(Literary Masterpieces, Critical Compilation)

Larry Woiwode is known primarily as a master of the novel; however, he has also worked throughout his career to establish himself as a serious and respected practitioner of the short story. His first collection, The Neumiller Stories (1990), functioned both as a collection of individual stories and as material attendant to his novels Beyond the Bedroom Wall (1975) and Born Brothers (1989). With Silent Passengers, however, Woiwode brings together ten stories that cohere not because of their shared subject matter and character-lives, but because of their shared concerns and a consistent moral vision.

These stories are primarily stories of men-the stories either are told directly by men or focus on the individual lives and consciousnesses of men. When told in the first person they often have the quality of personal essays; their style is almost confessional (indeed, one is entitled “Confessionals”), as they seek to explain some mystery or quality germane to the art of living. All ten of the stories concern themselves with men troubled by problems of family, of spiritual uncertainty, of personal, physical failing. Generally, these men seek absolution and redemption (after all, Woiwode’s moral vision is inextricably bound up with his Christian belief); at the very least, they seek understanding of the logic (or illogic) of events leading to their immediate circumstance.

The brief “Wanting an Orange” seems pure personal recollection. The story’s narrator recalls his childhood winters on the northern Plains and the perfect delight of the winter orange in such a landscape. While the story functions, in part, as an anatomy of the orange, it also works as a prose-poem that celebrates the ecstasy of experience both sensory and spiritual. Woiwode deepens the story’s resonance by linking the narrator and his brother (and the fruit) to the biblical story of the Garden and to the brothers of that story, his point being the inextricability of familial relation. The orange and its story “fill” themselves with meaning and value in this harsh time and place.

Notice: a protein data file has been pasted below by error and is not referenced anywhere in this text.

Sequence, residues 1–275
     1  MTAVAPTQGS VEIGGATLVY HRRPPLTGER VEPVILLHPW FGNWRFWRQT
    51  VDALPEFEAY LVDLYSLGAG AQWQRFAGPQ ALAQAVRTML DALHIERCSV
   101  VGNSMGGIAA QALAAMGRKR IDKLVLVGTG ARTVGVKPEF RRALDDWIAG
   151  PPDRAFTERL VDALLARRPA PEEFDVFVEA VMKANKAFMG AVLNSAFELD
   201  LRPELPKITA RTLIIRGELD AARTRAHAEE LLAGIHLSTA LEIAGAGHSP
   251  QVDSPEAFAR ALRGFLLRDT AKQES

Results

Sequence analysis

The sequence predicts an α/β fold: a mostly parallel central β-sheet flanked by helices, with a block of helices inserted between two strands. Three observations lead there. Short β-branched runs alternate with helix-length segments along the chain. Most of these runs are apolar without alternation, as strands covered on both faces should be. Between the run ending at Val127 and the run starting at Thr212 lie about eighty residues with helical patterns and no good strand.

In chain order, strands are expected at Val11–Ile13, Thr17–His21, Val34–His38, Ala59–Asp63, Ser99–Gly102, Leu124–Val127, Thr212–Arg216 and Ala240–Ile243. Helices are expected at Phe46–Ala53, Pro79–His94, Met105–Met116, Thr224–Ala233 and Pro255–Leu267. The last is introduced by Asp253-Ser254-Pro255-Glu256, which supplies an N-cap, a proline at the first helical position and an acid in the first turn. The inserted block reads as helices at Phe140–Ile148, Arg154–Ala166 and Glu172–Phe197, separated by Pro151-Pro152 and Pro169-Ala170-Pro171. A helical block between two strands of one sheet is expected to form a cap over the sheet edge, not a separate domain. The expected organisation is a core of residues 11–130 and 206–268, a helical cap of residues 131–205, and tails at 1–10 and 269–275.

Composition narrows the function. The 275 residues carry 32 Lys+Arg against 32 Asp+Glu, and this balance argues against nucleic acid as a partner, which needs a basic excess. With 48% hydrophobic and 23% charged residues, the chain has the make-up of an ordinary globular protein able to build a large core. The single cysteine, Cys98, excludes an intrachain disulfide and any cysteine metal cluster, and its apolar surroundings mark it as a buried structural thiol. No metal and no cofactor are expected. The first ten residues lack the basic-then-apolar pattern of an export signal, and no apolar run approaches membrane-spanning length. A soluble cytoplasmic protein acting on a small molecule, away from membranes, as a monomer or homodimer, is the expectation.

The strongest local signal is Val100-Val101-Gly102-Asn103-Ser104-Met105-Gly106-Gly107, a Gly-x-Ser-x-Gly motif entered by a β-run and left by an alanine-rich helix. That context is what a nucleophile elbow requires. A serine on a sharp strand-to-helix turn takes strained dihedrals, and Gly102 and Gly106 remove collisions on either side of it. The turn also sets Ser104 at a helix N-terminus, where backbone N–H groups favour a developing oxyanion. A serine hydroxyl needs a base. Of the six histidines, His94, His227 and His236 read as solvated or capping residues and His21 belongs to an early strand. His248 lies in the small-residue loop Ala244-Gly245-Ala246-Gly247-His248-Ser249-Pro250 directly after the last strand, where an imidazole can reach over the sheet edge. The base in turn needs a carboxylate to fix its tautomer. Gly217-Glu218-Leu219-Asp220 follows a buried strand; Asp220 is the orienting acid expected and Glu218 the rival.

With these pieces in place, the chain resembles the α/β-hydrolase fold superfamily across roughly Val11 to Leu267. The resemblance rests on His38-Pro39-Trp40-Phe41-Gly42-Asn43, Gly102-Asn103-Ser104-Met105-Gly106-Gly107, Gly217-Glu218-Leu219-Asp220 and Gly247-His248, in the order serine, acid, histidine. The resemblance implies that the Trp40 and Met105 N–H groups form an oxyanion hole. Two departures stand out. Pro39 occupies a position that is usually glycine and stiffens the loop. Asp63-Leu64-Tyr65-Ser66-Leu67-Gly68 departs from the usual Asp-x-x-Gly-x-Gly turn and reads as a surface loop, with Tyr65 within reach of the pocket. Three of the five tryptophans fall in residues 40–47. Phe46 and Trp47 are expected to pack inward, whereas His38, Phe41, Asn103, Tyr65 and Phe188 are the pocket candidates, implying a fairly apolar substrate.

Time and place also figure in the second story, “A Necessary Nap,” which takes place on an eastern Montana ranch in the middle of winter. The story centers on a family—Gilian and Anne (husband and wife) and their four-year-old son Will-and on Will’s struggles against sleep. Gilian works to get inside Will’s skin, to enter the landscape of his unconscious, to share in the dreams that cause Will to cry out and to wake. Once in that world, Gilian comprehends the dark fear: It is death with its eternal rumblings of vulnerability and separation. Yet that very fear of death is one tied up in the nature of the father-son relationship, or so Gilian comes to believe in a confused sort of epiphany: